Risks for Lyme disease patients during a COVID-19 pandemic. A perspective.
Hundreds of thousands of people contract Lyme disease every year. Some of them remain chronically ill. What are the risks for Lyme disease patients during a COVID-19 pandemic?
There are reports that the COVID-19 virus can be more severe in individuals with a co-morbidity. A recent study found that out of 1,590 cases in China, 1 in 4 patients had at least one co-morbidity.  The study offers insight into the risks for Lyme disease patients during a COVID-19 pandemic.
The most common co-morbidity was hypertension and other cardiovascular diseases. There were a few cases of cerebrovascular diseases, diabetes, hepatitis B infections, chronic obstructive pulmonary disease, chronic kidney diseases, malignancy, and immunodeficiency.
Co-morbidity, which refers to the presence of more than one disorder in the same person, can impact the outcome of a disease.
Lyme disease could be considered a co-morbid condition. Post-Treatment Lyme Disease Syndrome (PTLDS) is a complication of Lyme disease, whereby patients continue to suffer from pain, fatigue, cognitive impairment, and poor function. These patients often have weakened immune systems.Risks for Lyme disease patients during a COVID-19 pandemic. Click To Tweet
The risks for Lyme disease patients during the COVID-19 pandemic needs to be discussed.
Meanwhile, the risks to patients with other conditions, including Rheumatoid arthritis, an autoimmune disease, have been discussed. Doctors have been concerned with the risk of infection in these patients “because of an overall impairment of immune system typical of autoimmune diseases combined with the iatrogenic effect generated by corticosteroids and immunosuppressive drugs,” Favalli writes in the article “COVID-19 infection and rheumatoid arthritis: Faraway, so close!” 
Disease-modifying anti-rheumatic drugs (DMARDs) are used in rheumatoid arthritis patients to slow down disease progression.
(None of the 1,590 cases of COVID-19 cases in China had rheumatoid arthritis.)
Monti and colleagues described 8 patients with Lyme arthritis who developed COVID-19.  Although they were receiving treatment with DMARDs, the medications were temporarily stopped while they recovered from the COVID-19 virus.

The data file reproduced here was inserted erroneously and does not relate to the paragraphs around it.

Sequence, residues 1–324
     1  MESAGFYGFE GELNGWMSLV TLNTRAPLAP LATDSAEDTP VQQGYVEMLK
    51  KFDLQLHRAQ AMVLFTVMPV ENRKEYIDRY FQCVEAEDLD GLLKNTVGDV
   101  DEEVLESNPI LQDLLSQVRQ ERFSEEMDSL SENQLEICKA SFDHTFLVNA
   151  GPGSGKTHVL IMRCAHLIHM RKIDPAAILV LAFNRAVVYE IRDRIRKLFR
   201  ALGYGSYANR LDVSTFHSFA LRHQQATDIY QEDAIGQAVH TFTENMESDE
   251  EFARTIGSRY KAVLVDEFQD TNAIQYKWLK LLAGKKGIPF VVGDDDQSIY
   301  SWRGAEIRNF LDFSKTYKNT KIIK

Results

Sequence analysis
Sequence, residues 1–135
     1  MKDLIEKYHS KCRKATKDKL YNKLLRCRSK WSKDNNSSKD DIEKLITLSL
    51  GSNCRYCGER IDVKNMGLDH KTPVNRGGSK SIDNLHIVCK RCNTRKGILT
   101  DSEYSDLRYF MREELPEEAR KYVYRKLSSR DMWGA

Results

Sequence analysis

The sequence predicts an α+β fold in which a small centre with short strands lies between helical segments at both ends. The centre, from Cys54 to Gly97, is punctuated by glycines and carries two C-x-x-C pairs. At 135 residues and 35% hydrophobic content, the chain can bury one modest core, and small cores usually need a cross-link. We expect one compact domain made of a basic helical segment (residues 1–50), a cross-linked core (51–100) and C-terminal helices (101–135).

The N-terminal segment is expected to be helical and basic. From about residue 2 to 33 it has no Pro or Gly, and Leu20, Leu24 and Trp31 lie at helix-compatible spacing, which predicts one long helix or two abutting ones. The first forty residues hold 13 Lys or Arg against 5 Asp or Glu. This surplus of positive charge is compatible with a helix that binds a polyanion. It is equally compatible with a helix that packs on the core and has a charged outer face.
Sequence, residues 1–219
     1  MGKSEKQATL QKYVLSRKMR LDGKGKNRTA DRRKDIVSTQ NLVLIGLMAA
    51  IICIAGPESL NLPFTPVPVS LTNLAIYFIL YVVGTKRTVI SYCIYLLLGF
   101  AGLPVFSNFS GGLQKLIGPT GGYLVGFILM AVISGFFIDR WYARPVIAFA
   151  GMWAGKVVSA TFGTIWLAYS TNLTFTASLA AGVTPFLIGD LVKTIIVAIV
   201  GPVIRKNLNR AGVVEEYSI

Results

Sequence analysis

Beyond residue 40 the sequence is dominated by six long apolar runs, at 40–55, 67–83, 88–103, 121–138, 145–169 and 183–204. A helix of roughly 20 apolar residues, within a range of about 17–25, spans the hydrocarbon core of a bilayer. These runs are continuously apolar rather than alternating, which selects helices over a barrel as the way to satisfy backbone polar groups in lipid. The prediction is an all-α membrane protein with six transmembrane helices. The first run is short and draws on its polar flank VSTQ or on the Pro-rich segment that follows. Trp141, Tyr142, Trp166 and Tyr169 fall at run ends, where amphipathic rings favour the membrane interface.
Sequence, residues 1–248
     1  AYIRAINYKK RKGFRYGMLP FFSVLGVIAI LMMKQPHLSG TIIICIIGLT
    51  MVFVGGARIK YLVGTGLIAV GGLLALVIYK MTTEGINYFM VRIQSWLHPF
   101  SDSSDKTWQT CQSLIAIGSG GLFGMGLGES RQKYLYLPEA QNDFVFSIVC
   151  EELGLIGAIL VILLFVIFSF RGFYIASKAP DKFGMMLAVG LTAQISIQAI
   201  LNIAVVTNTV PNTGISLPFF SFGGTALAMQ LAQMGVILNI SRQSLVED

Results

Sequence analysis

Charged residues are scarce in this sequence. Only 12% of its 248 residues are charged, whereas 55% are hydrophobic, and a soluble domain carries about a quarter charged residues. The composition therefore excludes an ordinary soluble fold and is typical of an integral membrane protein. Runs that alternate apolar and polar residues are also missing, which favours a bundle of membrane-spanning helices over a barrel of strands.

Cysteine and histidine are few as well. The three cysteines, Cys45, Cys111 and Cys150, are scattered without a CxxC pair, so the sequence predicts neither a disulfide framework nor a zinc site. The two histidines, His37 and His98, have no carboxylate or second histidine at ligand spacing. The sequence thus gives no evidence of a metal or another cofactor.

All of the 8 patients were treated with antibiotics. Five of them were on previous treatment with hydroxychloroquine. One was admitted and treated with antibiotics, antiviral medications, and hydroxychloroquine.
Fortunately, none of the 8 patients developed severe respiratory complications or died.
The risk for cancer patients during a COVID-19 pandemic has also been discussed. “Several classes of cancer treatment, including chemotherapy and immunotherapy, can suppress immune systems and make patients more susceptible to COVID-19 infection,” writes Extance. 
Out of the 1,590 cases of COVID-19 studied in China, 18 patients had cancer. “Early published reports from China on the outcomes of patients with cancer infected with COVID-19 indicated a 3.5 times higher risk of needing mechanical ventilation or ICU admission or dying compared with patients without cancer,” writes Liang and colleagues. 
It’s been stressful for Lyme disease patients and their families until we know more about their risks of COVID-19.
Fortunately, the antibiotics used to treat Lyme disease do not have an iatrogenic effect, as seen with corticosteroids and immunosuppressive drugs.
For now, it is important to continue universal precaution, to eat right, and avoid stress. Be careful to avoid another tick bite. And make sure you continue to receive treatment for your Lyme disease.
- Guan WJ, Liang WH, Zhao Y, et al. Comorbidity and its impact on 1590 patients with Covid-19 in China: A Nationwide Analysis. Eur Respir J. 2020.
- Favalli EG, Ingegnoli F, De Lucia O, Cincinelli G, Cimaz R, Caporali R. COVID-19 infection and rheumatoid arthritis: Faraway, so close! Autoimmun Rev. 2020:102523.
- Monti S, Balduzzi S, Delvino P, Bellis E, Quadrelli VS, Montecucco C. Clinical course of COVID-19 in a series of patients with chronic arthritis treated with immunosuppressive targeted therapies. Ann Rheum Dis. 2020.
- Extance A. Covid-19 and long term conditions: what if you have cancer, diabetes, or chronic kidney disease? BMJ. 2020;368:m1174.
- Liang W, Guan W, Chen R, et al. Cancer patients in SARS-CoV-2 infection: a nationwide analysis in China. Lancet Oncol. 2020;21(3):335-337.
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